Well the solution is two fold.
First, compression will shrink the files to more manageable chunks. Sony claims to have compression available that will shrink the files. The belief is that 4K or UltraHD will be able to be compressed to somewhere between 25-50GB. While this is a significant reduction it still would chew through most ISP data limits quite quickly.
Which brings us to the second part of the solution: back to the trusty optical disc. It just so happens that that 25-50GB is just what will fit on a current Blu-ray disc. Surely data pipes will expand and compression will improve but we believe that the initial expansion of 4K content will be distributed on optical disk and potentially hard drives/server based solutions.
So while the electronics manufacturers at CES made a lot of BIG splashes this year, we in the optical storage business are excited about the BIG opportunity that these high resolution data hungry devices demand. Here’s to the future!
Optical disc (CD, DVD, Blu-ray) maker CMC Magnetics expects its third-quarter revenues to grow 10%. CMC also expects to turn a profit as second-tier disc makers are gradually phasing out of the optical disc market. First-tier manufacturers like Ritek and CMC have reduced their disc capacity by 30-40%, allowing the supply of optical discs to decrease which has helped to boost optical disc prices.
Optical disc prices have risen by as much as 40% since February of 2011. (Source: DigiTimes)
Our take on the CD-r and DVD-r market is that these increase prices are here to stay for at least the next 2 to 3 quarters as oil prices remain higher, and poly carbonate supplies remain tight. We are seeing these increase prices being passed on to users of CD-r and DVD-r media, as well as customers of disc duplication and printing services.
DVD and Blu-ray disc media make it very easy to play, store, and transport movies. Unfortunately, this convenience also makes optical discs a popular format for movie piracy. In an attempt to prevent Hollywood movies from being illegally distributed, region codes, were built into the DVD and Blu-ray disc formats.
The region code system requires the cooperation of hardware manufacturers worldwide as well as the cooperation of movie studios and disc production facilities. The original system for DVD replicated discs divided the world into 6 geographically-oriented groups of countries. Discs produced in one region would not work on hardware in a different region, and players would not be able to read discs from more than one region.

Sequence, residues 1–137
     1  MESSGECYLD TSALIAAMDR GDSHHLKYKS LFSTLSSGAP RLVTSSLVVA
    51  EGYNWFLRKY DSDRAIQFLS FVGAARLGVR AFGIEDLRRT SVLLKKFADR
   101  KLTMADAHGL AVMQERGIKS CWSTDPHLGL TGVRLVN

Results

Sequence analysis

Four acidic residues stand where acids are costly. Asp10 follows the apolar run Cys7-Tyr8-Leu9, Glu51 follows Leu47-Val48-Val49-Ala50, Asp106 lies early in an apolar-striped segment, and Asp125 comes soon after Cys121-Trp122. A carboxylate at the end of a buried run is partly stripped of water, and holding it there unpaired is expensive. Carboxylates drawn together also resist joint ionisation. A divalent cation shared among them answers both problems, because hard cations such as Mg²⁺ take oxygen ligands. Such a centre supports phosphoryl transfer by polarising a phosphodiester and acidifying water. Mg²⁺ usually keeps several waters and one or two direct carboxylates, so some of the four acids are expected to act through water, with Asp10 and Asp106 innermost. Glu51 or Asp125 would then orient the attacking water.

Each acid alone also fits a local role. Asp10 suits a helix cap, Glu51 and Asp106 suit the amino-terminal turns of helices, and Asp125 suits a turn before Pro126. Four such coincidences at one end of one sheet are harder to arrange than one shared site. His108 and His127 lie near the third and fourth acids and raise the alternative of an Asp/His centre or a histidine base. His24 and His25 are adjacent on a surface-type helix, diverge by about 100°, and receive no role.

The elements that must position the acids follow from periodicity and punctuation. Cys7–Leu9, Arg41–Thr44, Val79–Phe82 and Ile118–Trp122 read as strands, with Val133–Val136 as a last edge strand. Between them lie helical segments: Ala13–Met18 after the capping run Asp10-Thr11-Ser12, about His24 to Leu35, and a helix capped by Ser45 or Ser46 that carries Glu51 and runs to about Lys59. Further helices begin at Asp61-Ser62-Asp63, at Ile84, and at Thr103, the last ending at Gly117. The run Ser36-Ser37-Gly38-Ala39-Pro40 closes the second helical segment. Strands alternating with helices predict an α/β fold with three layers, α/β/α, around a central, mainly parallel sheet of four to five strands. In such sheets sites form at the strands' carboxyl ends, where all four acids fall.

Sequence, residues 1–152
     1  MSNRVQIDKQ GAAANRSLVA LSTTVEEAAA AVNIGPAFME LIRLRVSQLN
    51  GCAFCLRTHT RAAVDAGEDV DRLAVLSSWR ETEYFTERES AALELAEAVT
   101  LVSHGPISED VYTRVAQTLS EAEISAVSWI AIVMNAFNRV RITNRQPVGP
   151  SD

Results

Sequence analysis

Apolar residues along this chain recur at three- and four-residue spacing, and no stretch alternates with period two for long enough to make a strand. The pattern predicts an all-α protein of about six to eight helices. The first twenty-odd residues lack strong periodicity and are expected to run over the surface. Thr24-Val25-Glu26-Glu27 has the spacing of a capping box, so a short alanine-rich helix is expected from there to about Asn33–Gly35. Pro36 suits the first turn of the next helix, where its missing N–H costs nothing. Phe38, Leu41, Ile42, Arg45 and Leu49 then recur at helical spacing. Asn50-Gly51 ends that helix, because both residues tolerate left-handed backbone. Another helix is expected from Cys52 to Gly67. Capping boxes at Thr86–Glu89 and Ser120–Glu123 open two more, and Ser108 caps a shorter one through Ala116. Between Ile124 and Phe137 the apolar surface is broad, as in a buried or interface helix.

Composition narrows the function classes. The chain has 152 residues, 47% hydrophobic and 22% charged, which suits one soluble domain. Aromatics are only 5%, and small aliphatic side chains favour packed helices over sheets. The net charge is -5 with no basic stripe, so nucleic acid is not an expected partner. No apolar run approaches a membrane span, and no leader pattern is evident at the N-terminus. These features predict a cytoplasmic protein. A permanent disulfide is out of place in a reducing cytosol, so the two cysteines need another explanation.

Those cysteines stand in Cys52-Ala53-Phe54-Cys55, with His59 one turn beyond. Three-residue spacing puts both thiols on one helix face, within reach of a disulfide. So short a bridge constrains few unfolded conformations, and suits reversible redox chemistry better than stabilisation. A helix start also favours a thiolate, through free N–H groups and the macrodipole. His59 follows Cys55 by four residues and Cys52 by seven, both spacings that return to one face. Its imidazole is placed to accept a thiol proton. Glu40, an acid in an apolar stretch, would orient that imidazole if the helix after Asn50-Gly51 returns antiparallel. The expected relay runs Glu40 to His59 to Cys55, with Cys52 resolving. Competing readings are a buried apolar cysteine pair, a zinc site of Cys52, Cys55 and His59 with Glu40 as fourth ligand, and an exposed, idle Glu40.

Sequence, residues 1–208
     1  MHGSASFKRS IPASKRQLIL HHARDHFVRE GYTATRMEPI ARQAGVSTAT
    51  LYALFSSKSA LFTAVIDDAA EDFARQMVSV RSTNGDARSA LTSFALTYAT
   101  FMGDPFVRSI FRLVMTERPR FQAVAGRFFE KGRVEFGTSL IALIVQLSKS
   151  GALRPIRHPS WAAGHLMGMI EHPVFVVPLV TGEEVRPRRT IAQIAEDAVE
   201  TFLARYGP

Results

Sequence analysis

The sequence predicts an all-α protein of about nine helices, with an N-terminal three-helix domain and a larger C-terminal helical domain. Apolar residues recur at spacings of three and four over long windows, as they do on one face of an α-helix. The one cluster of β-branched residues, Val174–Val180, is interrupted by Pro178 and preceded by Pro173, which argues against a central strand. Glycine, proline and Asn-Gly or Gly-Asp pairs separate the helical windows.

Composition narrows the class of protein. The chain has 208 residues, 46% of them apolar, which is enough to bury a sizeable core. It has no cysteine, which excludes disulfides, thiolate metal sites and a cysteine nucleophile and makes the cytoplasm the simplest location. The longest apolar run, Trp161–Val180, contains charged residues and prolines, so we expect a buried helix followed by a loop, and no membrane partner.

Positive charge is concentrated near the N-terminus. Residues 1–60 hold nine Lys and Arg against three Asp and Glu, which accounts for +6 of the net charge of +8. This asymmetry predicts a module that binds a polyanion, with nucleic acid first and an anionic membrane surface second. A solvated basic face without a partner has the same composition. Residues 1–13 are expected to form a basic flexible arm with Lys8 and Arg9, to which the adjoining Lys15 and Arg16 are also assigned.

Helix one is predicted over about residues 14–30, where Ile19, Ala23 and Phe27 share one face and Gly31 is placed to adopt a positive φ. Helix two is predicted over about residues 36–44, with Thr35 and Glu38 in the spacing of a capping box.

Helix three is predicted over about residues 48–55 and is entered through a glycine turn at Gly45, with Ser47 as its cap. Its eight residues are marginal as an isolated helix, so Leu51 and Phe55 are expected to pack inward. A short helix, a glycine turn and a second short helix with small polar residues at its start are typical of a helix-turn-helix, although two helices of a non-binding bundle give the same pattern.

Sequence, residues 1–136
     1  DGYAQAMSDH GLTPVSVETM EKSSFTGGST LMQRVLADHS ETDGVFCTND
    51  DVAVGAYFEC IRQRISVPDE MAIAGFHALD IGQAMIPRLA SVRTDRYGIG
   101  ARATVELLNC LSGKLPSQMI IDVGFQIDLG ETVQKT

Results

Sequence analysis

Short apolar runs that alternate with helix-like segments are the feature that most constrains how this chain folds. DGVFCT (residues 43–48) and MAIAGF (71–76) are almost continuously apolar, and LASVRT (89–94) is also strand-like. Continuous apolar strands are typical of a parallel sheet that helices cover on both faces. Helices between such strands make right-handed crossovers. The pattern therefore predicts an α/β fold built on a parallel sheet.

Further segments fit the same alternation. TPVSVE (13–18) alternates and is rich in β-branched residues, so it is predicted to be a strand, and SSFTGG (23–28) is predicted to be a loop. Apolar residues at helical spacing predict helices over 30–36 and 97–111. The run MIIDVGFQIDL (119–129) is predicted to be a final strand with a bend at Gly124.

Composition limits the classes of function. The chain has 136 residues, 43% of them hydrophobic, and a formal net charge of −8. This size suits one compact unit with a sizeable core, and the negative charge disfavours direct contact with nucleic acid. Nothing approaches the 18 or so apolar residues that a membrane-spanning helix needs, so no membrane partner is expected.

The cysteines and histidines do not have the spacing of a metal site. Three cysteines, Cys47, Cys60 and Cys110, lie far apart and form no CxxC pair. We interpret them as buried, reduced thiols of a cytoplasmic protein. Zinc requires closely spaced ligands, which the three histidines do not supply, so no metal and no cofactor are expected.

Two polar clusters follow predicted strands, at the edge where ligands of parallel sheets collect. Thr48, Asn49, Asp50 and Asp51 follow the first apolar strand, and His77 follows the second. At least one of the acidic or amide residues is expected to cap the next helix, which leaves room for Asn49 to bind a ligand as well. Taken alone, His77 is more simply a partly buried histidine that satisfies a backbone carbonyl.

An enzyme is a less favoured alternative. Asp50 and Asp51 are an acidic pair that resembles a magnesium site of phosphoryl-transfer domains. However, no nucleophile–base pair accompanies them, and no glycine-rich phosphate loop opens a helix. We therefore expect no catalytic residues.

The reasons behind the region code system are primarily economic. Movie studios needed to be able to control the release of films at different times in different markets throughout the world. A movie might be released to video in North America at a time when it is not even in theaters in another country elsewhere in the world. Region coded-DVDs help keep movies from being shipped to another country and sold at a discount rate – or at a vastly inflated price.
Blu-ray discs also have a system of region codes, although it is much simpler than the system used for DVDs. All Blu-ray Replication discs contain a code for Region 1, 2, or 3 that determines which hardware it is compatible with. The corresponding hardware such as a Blu-ray player, computer disc drive, or video game console, will identify the disc as invalid or valid for its correct region.
One interesting thing about region codes is that they only apply to manufactured discs – those which are stamped or pressed in a disc replication factory. Duplicated Blu-ray and DVD discs that are duplicated are free of regional coding, which means they are able to be played on any machine worldwide.
This is good news for home users who transfer their own home movies to DVD and Blu-ray discs for safe keeping. Their DVD-R and Blu-ray media will play back on set-top players, computers, and video game systems in virtually every country.
Unfortunately, region codes also have some drawbacks as well. Frequent travelers, students trying to learn a new language, people who enjoy movies from their native country, and foreign film fans must all live with or work around region coded movies. Thankfully, the new system in place for Blu-ray discs is much more forgiving.
Please contact us with any Blu-ray duplication, replication or printing questions that you may have.